There are 101 things on which money could be used, even on the smallest farm. Out-offices could be reconstructed; machinery could be purchased; live stock could be increased. The farmer who otherwise might have to sub-let his land to his richer neighbour would be enabled to get on his feet if he could get a loan at a low rate of interest. In many, cases farmers prefer to go to the bank rather than to the Agricultural Credit Corporation because they believe their business will be transacted in greater secrecy and the terms are almost as good. The difference of one half per cent. does not amount to very much. The average leaseholder does not want it noised abroad when he is in financial difficulties. There are sections in this Bill demanding securities and sureties and a farmer applying for a loan who has no live stock or goods or chattels to offer as security or who is not a vested tenant of the Land Commission, will get a very insignificant amount.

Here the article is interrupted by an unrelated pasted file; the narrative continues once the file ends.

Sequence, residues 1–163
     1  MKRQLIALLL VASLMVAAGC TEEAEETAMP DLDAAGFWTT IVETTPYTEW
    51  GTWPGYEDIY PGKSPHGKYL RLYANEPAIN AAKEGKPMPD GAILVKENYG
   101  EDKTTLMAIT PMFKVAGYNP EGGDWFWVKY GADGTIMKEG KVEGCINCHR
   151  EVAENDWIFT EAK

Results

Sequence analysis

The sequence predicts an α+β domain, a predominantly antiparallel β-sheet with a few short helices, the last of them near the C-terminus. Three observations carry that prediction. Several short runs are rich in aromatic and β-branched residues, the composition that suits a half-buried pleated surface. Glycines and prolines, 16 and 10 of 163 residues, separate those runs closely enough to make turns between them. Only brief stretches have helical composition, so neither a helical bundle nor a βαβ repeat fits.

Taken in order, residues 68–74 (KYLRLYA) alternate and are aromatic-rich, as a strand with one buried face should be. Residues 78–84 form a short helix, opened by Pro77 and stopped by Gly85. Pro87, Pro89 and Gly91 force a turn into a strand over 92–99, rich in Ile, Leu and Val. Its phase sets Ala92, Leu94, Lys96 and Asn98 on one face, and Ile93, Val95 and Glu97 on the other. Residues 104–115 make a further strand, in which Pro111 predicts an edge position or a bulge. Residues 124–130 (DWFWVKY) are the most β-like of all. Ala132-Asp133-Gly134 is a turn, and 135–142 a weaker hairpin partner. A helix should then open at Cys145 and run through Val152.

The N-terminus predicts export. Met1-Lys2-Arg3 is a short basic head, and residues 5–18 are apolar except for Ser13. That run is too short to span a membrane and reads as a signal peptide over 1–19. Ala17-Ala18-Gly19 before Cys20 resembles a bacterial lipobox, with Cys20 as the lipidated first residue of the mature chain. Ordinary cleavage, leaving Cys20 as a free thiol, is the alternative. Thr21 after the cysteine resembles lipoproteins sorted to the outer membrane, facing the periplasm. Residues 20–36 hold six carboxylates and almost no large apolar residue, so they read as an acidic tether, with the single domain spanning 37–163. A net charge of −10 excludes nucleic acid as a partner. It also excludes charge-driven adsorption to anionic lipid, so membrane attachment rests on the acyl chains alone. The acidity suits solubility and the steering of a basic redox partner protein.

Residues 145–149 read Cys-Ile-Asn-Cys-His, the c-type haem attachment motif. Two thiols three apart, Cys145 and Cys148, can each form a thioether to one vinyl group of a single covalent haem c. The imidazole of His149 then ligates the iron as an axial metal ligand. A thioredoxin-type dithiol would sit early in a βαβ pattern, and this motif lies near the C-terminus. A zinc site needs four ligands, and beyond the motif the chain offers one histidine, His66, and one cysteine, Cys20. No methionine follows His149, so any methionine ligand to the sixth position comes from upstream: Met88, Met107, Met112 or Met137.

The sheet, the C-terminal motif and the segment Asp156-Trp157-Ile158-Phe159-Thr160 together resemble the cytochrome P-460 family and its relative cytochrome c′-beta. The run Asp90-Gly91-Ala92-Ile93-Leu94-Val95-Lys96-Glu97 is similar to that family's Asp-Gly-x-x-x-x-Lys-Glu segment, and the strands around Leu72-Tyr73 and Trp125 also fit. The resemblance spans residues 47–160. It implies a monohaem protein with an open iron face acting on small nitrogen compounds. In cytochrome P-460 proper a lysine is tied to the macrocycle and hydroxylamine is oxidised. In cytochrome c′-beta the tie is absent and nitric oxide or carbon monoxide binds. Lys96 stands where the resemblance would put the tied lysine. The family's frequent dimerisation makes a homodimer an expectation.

That is wrong. These are the people who need monetary assistance most and these are the people who, after making effort after effort to get on their feet and having failed, will sell or sublet and will go on the road as agricultural labourers. That has happened in very many cases.